As our car entered GB road, we were taken aback by the sight of the sex workers waving from window grills from above the line of shops on the ground floor. A chill ran down my spine. Just then, Pratyush came in, helped us park and showed us the way to the staircase leading to one of the brothels. The climb to the topmost floor where the children were waiting seemed to take a lifetime. The dark green walls, the women sitting around, the man leaving hurriedly, the claustrophobia had me shivering from top to toe. I was clenching Amber’s hand as tight as a tick!

By the time, I met the kids, I was dumbstruck. So I went about decorating the place and making it look more creative and colourful, all with shivering hands and stammer in my speech. But as time passed, I realised how these children were no different from any other children I’ve ever met. The boys were naughty, smart and proactive while the girls were shy, patient and artistic just like in most homes and neighbourhoods.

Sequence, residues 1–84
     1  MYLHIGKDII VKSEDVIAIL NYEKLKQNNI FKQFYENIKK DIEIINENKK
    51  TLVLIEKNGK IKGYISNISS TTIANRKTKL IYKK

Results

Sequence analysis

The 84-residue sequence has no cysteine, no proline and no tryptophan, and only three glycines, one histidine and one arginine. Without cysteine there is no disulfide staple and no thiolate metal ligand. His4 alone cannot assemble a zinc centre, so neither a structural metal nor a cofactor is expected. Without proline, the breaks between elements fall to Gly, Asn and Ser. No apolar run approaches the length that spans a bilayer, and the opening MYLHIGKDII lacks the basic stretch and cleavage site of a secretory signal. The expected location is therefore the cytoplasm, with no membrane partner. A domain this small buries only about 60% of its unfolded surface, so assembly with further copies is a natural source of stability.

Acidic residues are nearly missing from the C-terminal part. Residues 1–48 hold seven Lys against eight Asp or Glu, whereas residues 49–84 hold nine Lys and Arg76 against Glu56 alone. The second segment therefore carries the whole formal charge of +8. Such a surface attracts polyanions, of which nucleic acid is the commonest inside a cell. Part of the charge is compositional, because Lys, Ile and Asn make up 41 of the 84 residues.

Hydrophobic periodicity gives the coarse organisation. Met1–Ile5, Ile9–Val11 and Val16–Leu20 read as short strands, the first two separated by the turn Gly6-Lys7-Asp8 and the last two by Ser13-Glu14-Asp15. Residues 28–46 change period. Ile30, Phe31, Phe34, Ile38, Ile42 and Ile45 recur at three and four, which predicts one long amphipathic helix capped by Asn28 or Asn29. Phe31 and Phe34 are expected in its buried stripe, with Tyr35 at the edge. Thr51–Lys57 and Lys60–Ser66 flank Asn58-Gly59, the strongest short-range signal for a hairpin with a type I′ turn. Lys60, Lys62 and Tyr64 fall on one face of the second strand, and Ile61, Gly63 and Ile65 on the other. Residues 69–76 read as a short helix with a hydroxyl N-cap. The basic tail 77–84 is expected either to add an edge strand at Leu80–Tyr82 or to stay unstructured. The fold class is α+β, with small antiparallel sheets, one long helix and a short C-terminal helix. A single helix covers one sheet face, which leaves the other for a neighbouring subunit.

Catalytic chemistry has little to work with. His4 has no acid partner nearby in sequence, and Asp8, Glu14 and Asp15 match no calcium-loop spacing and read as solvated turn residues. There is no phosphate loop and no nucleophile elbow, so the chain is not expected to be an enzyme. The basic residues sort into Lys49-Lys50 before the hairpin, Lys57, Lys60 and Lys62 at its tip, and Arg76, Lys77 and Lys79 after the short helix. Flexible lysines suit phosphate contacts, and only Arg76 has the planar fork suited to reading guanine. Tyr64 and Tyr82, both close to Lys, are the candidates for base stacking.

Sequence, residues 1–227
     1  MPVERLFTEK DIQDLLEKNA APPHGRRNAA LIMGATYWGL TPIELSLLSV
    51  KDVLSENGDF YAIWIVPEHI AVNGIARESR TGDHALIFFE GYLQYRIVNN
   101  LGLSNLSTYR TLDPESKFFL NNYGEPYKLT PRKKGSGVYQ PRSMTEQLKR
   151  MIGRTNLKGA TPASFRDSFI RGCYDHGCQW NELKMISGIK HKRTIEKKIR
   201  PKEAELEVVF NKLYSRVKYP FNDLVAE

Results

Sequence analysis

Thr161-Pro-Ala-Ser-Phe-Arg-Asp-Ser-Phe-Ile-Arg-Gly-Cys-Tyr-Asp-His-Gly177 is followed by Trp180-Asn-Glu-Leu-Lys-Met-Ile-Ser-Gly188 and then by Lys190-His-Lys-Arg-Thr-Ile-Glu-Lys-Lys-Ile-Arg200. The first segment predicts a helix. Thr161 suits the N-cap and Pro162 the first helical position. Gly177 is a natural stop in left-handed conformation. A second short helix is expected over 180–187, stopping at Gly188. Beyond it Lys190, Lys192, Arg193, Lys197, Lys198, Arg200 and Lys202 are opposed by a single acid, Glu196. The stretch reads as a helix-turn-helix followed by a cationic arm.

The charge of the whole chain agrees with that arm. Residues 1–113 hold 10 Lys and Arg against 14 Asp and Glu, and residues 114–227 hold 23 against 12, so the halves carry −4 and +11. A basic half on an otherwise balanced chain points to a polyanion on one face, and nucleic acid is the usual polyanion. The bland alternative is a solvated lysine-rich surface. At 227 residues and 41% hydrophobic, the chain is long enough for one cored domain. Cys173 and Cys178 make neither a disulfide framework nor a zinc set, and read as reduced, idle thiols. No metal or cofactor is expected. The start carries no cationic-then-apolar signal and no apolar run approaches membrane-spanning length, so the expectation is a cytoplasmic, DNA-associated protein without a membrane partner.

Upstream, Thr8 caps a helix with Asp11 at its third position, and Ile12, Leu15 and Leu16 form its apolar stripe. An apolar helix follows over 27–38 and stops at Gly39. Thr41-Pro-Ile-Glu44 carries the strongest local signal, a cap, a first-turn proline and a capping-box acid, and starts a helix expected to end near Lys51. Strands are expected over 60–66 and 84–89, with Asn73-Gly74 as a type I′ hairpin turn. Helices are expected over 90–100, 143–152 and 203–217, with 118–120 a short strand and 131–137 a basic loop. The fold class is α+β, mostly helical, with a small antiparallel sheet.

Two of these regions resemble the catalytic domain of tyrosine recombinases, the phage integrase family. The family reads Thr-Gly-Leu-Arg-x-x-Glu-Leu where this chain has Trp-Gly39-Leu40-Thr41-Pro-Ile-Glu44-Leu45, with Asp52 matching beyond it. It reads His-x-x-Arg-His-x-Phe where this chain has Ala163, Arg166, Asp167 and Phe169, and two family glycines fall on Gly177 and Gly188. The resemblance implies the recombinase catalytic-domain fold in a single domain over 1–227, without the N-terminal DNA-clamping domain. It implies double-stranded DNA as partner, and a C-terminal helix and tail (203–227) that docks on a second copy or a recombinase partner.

Some of the Didis too came upstairs and one of them sat with us to make a beautiful piece of art. They were all pleasant and kind and quite oblidged to see so many of us contributing. But you know what I think? It is us who should be immensely grateful to them for facing the dark side of brutes, the shame of the society and freeing us to enjoy the good life.

I found myself regretting all the times I would have in my mind abused another woman to be a ‘whore’. You see, it isn’t an abuse at all! Whores are women with a profession that earns them a livelihood. They take in their stride, various forms of frustration and desperation, which otherwise maybe you or me would have had to face. Can we not give them a little respect, if nothing else?